Firstly, the economic environment within Europe has recently had several challenges, resulting in the tightening of budgets, downsizing or acquisitions and divestitures to re-align business portfolios. Because safety is often considered a “cost”, firms can mistakenly cut corners when implementing safety initiatives whilst these transitions occur. As such, mergers and acquisitions can result in workplace cultures that are cobbled together and vulnerable to reactive or uncoordinated approaches to safety.

Secondly, the practical makeup of the workforce is one that can also stagnate safety culture. In Europe, in highly specialised technical industries such as chemicals, the workforce in middle management are highly educated individuals, often with master’s degrees or even doctorates. Whilst this ensures a great depth of technical knowledge at a managerial level, it can lead to a level of complacency towards safety incidents – a “won’t happen to us” mindset, and an undervaluing of rigour and routine on the shopfloor.

The complacency toward safety in Europe is highlighted in contrast to Asia, where the workforce in technical plants tend to do vocational, on-the-job training. Here, the workforce appears much more engaged and aware of typical safety concerns . This could indicate that practical, on-the-job learning can lead to more engaged safety cultures.

Finally, the phenomenon of an ageing workforce in Europe could be an influence for safety culture complacency that is related to, but distinct from, the skillset of the workforce. By 2050, Europe is likely to have at least 25% of its population over 65. For technical positions in industries like chemicals, it’s predicted that a large percentage of the workforce will leave over the next 5 years. Despite this, there is a lack of legacy planning and knowledge sharing that can result in a lost awareness around safety issues. In other spheres, such as digitisation, senior leaders can actively stifle progression through their unwillingness to act as coaches and training partners to younger members of staff.


In 2019, DuBay Polymer GmbH in Germany challenged themselves by raising the question "how do we maintain risk awareness when safety performance is first-rate?"

DuBay conducted a Risk Perception Survey to measure the attitude to risk by area, function, and tenure with the company. Based on the results, they implemented a programme for all employees and supervisors to help employees to decode their decision-making processes and trigger a change in awareness, thus helping them to reduce risky decisions and improve safety. Subsequently, these insights have been successfully integrated into safety routines such as audits, incident investigations and last-minute risk assessments, improving the overall safety management of the company.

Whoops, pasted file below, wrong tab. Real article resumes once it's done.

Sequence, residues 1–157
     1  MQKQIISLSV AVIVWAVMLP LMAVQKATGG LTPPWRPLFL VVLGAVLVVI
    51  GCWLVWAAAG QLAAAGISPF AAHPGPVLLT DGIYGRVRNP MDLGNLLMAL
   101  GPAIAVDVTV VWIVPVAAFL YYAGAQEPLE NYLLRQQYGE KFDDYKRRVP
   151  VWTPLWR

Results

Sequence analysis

dss+ has identified common indicators of firms stuck in a “dependent” safety culture. These commonalities include:

  • Risk evaluation: Risk is typically evaluated by experts with limited discussion and engagement across all roles and functions.
  • Risk focus: Focus is placed on high frequency and low consequence situations such as typical workplace safety incidents, as opposed to process safety related incidents which are more likely of low frequency, but high consequence.
  • Compliance oversubscription: A company’s High level of trust in compliance is good and a documented management system and standards are considered a guarantee for success. However, dss+ experience shows that a robust management system only exists when the defined standards are embodied by employees and managers and here there is often a gap.
  • Institutional memory: Contractors have been found among the most knowledgeable employees as carve outs and ownership changes have led to enterprise know-how being outsourced and reduced.
    • Limited codification of knowledge for future generations. Detailed operating procedures tend to be written by professionals and are not tailored to shopfloor employees in the working language of the company.
    • Outdated data. Despite assets being constantly adjusted to changing client needs, lack of digital documentation leads to a discrepancy between as-built and as-documented and produces a major risk for proper HAZOP controls.